Photo by Lola M. Chavez

The Mission Economic Development Agency has purchased a building on Precita Avenue, which houses the first location of the Precita Eyes Muralists as well as four rent-controlled tenants.

The $1.35 million deal will keep both tenants and muralists in place at affordable rents. Moreover, MEDA staff say they have developed a new funding mechanism – raising money from neighbors – to act faster in future acquisition.

“What MEDA does and what the Community Land Trust does is that they secure this property to remain as affordable for ever,” said resident Dennis Mackenzie, a high school teacher and proposal writer. “When I die, and I plan on living here until the day I die, it’ll be passed on to someone else in my type of income situation.”

The acquisition is the latest in a string of purchases by MEDA, many of them under the city’s Small Sites program, which converts small, privately owned apartment buildings into properties owned by nonprofits and preserved as affordable housing.

“It’s been over two years since this process started, so it’s a tremendous relief, that’s for sure,” Mackenzie said.

Money from the city for Small Sites, however, has run out. So when the nonprofit approached the owner of 348 Precita Ave. to bid on the building, they needed to work out a fundraising plan.

MEDA and Precita Eyes struck a deal with the building owner to raise $28,000 by the end of December 2015, and $200,000 by the end of January 2016.

MEDA’s Director of Community Real Estate, Karoleen Feng, explained that the nonprofit met the first deadline with a capital campaign and was then able to extend its next deadline by another month to gather the down payment of some $400,000.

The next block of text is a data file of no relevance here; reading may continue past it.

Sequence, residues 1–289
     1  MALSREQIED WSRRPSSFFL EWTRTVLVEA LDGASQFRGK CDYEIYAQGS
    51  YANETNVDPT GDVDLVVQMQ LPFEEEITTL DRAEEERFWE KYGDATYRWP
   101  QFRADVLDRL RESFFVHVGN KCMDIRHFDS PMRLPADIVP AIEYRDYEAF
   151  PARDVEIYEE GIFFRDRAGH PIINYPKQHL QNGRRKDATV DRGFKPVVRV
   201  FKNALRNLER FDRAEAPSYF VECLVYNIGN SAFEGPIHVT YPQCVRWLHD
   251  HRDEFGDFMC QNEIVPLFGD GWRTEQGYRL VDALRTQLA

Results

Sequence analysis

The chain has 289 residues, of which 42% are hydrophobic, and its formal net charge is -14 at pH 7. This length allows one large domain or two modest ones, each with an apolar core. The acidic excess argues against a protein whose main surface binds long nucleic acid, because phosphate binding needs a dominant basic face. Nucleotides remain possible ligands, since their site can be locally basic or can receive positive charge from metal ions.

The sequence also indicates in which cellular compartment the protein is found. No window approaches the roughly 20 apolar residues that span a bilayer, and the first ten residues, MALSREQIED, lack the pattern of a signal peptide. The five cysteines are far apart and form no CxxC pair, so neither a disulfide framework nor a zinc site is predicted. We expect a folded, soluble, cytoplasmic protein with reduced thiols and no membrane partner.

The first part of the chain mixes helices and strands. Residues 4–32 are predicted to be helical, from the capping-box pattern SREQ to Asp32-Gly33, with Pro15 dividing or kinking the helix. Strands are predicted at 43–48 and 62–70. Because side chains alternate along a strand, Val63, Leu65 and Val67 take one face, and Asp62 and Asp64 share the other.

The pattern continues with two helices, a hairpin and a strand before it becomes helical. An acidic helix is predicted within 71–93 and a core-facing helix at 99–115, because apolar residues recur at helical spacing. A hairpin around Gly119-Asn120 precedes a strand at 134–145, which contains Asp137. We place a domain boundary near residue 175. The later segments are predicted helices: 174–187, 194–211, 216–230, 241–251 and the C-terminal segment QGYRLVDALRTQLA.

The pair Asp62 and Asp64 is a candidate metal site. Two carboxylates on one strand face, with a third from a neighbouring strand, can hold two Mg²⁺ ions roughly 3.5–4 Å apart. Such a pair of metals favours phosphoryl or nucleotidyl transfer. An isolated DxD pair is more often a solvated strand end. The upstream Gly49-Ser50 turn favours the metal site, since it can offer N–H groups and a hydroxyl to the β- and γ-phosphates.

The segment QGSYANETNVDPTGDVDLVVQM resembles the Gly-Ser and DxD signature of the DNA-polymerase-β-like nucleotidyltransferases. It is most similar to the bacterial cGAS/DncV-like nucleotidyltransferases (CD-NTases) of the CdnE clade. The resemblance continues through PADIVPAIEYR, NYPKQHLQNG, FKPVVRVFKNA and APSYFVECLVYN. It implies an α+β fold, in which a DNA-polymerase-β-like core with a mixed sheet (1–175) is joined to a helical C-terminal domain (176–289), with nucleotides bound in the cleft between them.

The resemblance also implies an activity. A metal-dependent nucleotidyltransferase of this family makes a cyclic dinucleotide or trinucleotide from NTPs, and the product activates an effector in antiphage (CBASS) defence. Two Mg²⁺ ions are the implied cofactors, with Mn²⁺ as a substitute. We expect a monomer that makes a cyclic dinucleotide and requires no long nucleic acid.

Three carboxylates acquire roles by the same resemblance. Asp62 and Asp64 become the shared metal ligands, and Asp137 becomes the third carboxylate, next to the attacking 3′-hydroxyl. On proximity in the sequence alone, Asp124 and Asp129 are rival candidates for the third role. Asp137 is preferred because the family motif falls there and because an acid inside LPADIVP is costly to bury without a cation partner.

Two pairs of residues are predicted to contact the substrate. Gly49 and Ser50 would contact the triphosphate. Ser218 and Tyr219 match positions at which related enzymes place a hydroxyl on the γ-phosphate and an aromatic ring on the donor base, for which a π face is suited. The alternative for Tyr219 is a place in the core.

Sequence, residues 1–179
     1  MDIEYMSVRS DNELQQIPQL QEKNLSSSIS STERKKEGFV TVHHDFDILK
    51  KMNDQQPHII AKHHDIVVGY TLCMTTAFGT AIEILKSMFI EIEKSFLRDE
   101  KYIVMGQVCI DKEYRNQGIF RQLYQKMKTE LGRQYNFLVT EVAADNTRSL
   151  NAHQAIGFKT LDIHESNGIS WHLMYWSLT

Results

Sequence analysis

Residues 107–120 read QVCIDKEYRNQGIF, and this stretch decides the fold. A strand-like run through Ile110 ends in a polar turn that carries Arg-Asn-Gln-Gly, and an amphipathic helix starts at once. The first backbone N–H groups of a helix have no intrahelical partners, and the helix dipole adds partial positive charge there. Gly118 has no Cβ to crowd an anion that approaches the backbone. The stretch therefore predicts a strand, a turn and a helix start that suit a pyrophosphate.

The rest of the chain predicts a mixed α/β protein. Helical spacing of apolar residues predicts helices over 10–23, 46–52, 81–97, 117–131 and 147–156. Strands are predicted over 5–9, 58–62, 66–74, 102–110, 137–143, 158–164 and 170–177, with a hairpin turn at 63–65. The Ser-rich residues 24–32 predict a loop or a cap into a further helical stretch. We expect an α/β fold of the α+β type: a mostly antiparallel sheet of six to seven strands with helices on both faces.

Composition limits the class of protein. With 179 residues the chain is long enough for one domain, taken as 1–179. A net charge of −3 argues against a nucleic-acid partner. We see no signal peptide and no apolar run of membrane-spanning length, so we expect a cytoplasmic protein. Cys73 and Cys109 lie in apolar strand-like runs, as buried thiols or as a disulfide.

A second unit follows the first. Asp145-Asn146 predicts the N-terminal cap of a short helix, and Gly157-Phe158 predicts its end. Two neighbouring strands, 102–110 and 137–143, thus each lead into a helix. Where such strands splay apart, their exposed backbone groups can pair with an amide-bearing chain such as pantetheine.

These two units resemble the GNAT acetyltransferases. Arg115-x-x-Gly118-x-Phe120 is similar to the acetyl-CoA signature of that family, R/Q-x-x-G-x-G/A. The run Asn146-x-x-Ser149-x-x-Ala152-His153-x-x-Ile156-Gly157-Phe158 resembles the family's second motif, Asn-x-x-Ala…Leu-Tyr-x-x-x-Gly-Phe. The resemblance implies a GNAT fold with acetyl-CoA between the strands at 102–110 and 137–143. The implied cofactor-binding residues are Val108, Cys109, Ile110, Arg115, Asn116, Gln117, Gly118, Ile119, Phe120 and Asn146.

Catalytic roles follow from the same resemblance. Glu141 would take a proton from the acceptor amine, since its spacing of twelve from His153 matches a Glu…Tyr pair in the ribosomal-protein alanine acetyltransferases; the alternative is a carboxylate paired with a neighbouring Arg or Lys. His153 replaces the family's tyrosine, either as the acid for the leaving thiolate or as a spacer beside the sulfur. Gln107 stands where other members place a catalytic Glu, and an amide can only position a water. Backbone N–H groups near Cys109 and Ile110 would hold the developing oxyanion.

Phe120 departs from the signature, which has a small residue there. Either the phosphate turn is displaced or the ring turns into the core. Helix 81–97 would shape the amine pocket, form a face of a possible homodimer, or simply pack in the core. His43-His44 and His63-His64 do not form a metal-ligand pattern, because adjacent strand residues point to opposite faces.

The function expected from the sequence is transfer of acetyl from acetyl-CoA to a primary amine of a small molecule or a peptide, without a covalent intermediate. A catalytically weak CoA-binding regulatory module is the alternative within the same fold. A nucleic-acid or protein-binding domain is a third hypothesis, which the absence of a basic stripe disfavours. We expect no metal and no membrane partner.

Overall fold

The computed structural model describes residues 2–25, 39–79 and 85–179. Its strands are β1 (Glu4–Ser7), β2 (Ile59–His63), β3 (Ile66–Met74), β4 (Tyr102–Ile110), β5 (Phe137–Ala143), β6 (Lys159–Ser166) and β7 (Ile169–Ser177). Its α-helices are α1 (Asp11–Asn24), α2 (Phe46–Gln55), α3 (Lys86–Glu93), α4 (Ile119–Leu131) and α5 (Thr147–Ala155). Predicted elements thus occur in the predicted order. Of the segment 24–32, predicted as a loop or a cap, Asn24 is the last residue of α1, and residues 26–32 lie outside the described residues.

Residents, muralists and friends raised $19,500, and MEDA provided the rest via its newly formed Neighbor-to-Neighbor fund, a new approach to financing nonprofit acquisitions that may become a key part of MEDA’s future ability to move quickly in the housing market.

The Neighbor to Neighbor fund asks neighbors with available capital or lines of credit to help provide funding for residents who anticipate eviction following the sale of their building. Lenders to the fund will be repaid within a year, with 5 percent interest, once funding from last year’s housing bond becomes available to replenish the Small Sites program.

Spike Kahn, founder of the artist space Pacific Felt Factory, originally proposed the fund and was able to raise $200,000 toward it within 24 hours.

“The small sites acquisition program takes a couple of months to get the money released from the city, and the real estate market doesn’t wait three months for the city to pay for them,” said Kahn. “They have restriction that private money doesn’t have so we can act quickly without going through a BOS vote and we want to step up and help our neighbors.”

MEDA also secured a $1 million commercial real estate term loan from Boston Private, a wealth management and private banking services company.

“Boston Private is committed to preserving affordable housing in San Francisco,” wrote Rebeca Patino, a senior vice president commercial loan officer at Boston Private, in a statement. “Unlike other financial institutions that may shy away from providing this type of financing given their complexity, Boston Private is skilled at financing affordable housing, and we were able to finance the property in a short time frame.”

The speed with which MEDA could react to a building going on the market with at-risk tenants makes it a viable new alternative for future acquisitions as well.

“Our intent is to continue to grow the neighbors who are putting in their money because they believe in their neighbors, and continue to grow that pot,” said Feng, adding that the fund would allow the nonprofit to “move a lot more quickly to meet the seller’s timelines.”

This story has been updated with new information about the involvement of Boston Private.

Disclosure: Mission Local rents a commercial office from a MEDA-owned building.

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